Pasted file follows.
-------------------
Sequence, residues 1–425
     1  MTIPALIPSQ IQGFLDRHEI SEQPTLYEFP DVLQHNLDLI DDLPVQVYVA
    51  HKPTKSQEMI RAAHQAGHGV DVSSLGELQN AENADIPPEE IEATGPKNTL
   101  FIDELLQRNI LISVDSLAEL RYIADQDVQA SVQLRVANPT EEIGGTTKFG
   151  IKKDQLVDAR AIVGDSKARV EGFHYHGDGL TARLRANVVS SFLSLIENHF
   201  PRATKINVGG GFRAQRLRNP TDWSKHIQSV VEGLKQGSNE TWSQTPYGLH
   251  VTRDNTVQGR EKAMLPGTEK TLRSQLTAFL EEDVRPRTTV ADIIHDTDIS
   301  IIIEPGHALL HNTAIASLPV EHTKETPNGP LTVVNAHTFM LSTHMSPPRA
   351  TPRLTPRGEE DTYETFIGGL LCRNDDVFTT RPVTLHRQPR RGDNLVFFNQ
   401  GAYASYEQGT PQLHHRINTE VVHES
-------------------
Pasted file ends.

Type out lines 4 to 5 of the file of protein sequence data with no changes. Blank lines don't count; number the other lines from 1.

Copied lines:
   101  FIDELLQRNI LISVDSLAEL RYIADQDVQA SVQLRVANPT EEIGGTTKFG
   151  IKKDQLVDAR AIVGDSKARV EGFHYHGDGL TARLRANVVS SFLSLIENHF